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Laws that affect Medical Professionals in India
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Laws that affect Medical Professionals in India
Laws that affect Medical Professionals in India
The Indian Laws have laid down specific laws and provisions that affect the medical profession, and it's working effectively. Below mentioned are the laws which prevent medical negligence and protects the interests of the patients. Along with being implicated under the Consumer Protection Act, the medical practitioners attract liability under:-
Article 21 of the Indian Constitution states that no person shall be deprived of his life or personal liberty except for the procedure that is established by the law.
Article 32 of the Indian Constitution speaks about the Right to Constitutional Remedies. The Supreme Court is given authority to issue orders, directions, or writs and is considered as the guarantor and protector of the fundamental rights.
Article 41 of the Directive Principles of State Policy, the State can make effective provision in order to secure the right to work, education and public assistance in cases of unemployment, sickness and disablement, old age, etc. within its jurisdiction.
Article 42 of the Directive Principles of State Policy states that the State can make provisions for securing just conditions of work for the maternity relief.
Article 47 of the Directive Principles of State Policy says that in order to raise the standard of living of the people and the level of nutrition to improve the public health, in particular, the State can endeavour to prohibit the consumption of intoxicating drinks and drugs that are injurious to health except for the medicinal purposes.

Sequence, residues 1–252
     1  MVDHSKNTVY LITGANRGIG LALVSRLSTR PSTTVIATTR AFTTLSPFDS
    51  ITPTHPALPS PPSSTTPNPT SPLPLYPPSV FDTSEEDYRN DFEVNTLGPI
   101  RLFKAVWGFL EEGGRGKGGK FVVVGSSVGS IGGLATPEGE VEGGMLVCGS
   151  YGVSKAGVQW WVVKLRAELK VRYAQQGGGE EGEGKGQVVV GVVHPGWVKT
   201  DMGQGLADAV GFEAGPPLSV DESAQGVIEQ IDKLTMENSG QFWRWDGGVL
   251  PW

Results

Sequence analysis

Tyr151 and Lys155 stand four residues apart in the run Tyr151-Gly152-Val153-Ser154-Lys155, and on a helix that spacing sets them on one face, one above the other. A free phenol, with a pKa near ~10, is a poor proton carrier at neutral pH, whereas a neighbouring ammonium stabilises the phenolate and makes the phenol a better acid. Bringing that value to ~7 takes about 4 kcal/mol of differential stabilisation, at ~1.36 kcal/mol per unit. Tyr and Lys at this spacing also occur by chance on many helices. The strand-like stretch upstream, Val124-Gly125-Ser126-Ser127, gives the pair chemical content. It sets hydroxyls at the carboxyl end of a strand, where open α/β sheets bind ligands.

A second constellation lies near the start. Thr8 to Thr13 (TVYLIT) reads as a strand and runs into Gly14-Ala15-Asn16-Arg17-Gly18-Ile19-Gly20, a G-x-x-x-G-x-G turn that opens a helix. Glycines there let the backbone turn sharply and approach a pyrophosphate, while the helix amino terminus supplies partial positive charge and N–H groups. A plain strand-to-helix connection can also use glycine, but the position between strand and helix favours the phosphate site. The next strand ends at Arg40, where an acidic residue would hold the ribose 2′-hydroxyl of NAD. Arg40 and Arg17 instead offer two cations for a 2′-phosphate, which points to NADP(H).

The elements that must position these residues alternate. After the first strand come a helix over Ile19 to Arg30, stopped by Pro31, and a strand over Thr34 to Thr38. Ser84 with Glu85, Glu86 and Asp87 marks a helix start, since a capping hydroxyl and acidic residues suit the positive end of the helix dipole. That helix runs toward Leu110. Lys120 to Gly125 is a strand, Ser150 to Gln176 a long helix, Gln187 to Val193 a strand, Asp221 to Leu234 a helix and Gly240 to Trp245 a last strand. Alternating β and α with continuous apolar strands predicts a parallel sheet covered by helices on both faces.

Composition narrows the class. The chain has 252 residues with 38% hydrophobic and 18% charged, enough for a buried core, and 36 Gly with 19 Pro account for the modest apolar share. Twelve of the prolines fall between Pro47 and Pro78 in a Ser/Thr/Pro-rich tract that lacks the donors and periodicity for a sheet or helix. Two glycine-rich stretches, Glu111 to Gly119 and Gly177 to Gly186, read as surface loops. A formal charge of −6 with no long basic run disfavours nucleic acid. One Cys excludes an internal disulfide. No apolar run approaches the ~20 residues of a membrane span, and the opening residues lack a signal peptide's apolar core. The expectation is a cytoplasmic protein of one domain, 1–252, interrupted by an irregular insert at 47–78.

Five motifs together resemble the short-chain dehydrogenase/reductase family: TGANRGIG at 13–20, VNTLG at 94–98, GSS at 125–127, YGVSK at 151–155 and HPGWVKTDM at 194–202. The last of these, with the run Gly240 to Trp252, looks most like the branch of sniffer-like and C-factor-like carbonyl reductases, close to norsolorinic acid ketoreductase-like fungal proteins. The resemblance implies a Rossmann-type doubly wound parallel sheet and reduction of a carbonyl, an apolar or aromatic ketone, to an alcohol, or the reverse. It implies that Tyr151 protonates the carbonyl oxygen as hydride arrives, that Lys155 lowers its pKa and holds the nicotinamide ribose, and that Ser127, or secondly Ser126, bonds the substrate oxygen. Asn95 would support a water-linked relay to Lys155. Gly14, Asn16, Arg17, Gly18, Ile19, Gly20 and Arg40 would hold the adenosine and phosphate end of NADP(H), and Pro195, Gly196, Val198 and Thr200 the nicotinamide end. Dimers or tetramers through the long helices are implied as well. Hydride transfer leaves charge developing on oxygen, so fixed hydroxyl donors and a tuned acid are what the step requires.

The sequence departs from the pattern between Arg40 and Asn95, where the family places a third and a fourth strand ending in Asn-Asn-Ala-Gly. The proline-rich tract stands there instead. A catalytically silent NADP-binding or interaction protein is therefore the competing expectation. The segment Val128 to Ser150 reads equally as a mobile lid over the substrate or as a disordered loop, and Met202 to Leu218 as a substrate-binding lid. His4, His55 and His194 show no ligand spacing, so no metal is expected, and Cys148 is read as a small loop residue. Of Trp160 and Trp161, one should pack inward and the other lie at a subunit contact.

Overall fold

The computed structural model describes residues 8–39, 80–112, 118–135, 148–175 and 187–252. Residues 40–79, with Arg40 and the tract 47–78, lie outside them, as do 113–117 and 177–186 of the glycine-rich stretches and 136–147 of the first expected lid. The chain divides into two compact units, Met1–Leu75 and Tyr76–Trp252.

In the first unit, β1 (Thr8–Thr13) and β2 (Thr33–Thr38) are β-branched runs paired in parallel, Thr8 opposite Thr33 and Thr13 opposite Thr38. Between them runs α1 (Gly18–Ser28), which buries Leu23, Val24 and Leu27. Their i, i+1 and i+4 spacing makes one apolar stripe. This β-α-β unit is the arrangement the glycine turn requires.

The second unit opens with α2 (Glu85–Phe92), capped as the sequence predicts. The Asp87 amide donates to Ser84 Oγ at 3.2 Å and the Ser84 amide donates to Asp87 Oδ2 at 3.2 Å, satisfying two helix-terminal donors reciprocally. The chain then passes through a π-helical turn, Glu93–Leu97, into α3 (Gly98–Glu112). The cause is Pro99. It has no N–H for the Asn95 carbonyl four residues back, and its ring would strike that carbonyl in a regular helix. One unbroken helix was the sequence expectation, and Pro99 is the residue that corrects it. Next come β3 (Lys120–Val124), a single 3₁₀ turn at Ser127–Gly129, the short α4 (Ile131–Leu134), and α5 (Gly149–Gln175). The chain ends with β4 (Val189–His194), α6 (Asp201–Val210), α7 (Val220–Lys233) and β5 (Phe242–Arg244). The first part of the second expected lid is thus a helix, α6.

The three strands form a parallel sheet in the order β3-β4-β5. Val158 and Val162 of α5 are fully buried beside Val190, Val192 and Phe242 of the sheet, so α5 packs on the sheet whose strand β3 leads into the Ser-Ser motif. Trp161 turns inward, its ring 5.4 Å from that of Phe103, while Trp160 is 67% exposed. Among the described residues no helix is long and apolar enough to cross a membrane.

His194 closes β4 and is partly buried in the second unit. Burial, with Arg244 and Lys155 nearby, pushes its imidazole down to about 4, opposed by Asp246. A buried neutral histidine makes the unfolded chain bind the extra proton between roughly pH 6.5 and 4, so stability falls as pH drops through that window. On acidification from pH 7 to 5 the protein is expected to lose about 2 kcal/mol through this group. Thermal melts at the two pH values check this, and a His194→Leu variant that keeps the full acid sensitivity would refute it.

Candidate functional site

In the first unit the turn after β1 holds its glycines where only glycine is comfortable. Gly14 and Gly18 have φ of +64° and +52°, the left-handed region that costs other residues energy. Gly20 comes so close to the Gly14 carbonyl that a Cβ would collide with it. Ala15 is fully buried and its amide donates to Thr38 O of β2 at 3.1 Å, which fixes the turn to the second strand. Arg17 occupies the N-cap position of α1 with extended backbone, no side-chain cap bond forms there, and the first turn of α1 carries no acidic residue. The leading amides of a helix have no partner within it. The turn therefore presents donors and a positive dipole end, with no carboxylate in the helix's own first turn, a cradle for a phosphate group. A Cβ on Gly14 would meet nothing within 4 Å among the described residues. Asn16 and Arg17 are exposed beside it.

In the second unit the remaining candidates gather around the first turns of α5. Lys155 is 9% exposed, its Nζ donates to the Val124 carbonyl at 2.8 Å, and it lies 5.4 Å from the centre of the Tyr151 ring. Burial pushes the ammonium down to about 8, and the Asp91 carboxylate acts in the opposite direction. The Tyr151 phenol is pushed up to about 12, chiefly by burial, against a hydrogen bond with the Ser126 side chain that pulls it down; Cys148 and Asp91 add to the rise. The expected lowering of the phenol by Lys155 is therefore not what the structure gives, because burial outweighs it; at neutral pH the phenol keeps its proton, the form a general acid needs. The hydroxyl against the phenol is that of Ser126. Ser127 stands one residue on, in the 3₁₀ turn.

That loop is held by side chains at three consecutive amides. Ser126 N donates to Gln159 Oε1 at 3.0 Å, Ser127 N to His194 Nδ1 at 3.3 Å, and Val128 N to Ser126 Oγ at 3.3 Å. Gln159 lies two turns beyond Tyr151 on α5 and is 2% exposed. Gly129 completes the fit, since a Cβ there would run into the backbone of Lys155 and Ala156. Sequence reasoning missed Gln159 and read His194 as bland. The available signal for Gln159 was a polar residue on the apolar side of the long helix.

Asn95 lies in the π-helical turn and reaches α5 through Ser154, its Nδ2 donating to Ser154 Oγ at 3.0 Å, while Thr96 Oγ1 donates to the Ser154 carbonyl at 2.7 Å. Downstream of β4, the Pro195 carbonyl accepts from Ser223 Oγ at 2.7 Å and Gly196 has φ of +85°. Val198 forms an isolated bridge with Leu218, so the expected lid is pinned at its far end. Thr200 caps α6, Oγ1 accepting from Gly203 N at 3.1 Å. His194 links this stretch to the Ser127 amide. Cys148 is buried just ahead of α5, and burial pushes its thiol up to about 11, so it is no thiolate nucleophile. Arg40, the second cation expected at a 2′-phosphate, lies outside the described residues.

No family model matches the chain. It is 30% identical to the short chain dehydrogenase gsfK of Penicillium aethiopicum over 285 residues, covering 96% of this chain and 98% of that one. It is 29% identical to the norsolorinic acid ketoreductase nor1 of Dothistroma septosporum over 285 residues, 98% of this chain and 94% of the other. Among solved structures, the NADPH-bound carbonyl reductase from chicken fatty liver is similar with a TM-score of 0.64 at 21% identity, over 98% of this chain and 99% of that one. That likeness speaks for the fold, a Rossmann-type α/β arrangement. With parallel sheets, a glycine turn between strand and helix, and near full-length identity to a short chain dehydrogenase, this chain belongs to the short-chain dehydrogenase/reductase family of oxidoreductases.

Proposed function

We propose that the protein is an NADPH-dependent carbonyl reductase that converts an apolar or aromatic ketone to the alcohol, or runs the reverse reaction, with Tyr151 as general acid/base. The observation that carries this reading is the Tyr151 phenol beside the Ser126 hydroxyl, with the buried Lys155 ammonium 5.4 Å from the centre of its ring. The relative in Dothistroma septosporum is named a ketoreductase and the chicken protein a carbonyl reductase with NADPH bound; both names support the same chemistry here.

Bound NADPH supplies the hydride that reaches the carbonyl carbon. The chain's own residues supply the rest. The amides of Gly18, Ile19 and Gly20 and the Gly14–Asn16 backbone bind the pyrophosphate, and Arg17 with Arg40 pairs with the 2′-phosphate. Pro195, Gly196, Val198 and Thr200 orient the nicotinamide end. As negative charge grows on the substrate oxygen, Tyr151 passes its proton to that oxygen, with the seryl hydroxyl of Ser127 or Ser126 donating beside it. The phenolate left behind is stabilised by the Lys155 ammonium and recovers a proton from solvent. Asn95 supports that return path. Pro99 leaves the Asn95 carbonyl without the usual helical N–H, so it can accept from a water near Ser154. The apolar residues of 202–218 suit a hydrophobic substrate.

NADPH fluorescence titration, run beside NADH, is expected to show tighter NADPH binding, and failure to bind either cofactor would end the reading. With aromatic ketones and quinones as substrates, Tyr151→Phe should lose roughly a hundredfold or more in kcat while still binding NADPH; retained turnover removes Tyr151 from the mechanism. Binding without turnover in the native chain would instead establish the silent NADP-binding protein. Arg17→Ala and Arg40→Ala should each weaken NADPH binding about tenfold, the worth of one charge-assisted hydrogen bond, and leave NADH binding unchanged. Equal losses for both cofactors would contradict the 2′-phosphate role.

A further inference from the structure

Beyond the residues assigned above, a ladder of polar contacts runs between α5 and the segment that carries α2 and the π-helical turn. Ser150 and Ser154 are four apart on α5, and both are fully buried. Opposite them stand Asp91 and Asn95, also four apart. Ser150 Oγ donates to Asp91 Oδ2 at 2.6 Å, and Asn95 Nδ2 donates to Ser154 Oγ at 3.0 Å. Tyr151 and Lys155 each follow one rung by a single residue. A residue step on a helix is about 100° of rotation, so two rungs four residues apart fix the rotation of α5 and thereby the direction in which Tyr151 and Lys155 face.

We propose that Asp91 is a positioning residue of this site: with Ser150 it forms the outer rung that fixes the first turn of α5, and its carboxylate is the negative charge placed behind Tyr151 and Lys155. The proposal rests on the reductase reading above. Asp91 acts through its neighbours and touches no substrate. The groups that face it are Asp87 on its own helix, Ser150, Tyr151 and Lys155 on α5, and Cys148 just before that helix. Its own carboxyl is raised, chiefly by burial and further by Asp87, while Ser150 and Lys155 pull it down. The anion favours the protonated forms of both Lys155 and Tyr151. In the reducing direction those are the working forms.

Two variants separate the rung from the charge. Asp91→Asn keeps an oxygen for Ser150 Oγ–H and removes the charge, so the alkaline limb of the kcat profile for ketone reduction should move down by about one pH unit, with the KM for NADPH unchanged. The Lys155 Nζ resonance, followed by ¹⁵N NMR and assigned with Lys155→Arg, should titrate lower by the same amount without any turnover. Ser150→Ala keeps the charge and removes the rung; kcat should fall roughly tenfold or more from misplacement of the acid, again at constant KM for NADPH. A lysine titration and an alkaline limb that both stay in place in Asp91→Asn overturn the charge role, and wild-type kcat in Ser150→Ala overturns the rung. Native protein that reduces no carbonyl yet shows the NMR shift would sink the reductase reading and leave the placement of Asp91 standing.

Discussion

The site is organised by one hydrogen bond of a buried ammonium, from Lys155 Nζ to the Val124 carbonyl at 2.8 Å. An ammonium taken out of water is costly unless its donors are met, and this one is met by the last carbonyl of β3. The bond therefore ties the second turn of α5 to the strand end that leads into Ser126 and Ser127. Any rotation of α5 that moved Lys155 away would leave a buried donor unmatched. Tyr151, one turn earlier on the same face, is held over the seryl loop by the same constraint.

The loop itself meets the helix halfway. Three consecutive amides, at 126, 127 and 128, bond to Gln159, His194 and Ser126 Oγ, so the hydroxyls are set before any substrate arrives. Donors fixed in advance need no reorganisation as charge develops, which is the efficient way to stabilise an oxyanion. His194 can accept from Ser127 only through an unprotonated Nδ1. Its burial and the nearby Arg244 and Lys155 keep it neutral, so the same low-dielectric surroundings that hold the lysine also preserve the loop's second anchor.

Section 52 - Anything done without due care and attention cannot be considered as an act done in good faith.
Section 80 - Anything did accidentally or by misfortune and without any criminal intention or lawfully doing an act by lawful means and with proper care and caution is not an offence.
Section 81 - Act done likely to cause harm, without criminal intent, or because of it is being done with the knowledge that can cause them harm, but is done in good faith, for preventing or avoiding other harm to the person or property then it is not an offence.
Section 88 - If a person performs the act in good faith for the benefit of another person, and he does not intend to cause harm even if there is a risk and the patient has implicitly or explicitly given the consent for the same. 
Section 90 - If an individual gives the consent underneath the worry of damage, or under a false impression of fact, and if the individual doing the act knows or  think, that the consent was given consequently of fear or misconception; or if the consent is given from unsoundness of the individual, and is unable to appreciate the character or outcome of which he gives his consent; or if the consent  is given by child with who is under twelve years of age.
Section 92 - The act is done in good faith for the benefit of an individual without his consent is not an offence. The harm which is caused by the intention of improvement in just the right faith, without the consent of the character. If such cases arise that the character is incapable of giving consent, and has no lawful guardian from whom it is possible to get the consent.  
Section 304-A - If a person commits a rash or negligent act which leads to the culpable homicide then he shall be punished with imprisonment for a term which may extend to two years, or fine, or both.
Section 337 - If a person commits a negligent act which threatens human life or safety of others will be punished with imprisonment for a term that extends for six months, along with fine extending to five hundred rupees, or both.
Section 338 - The person who causes grievous hurt to any individual rashly or negligently, to endanger the human life or the safety of that person will be punished with imprisonment for a term of two years which may extend or a fine of one thousand rupees or with both.

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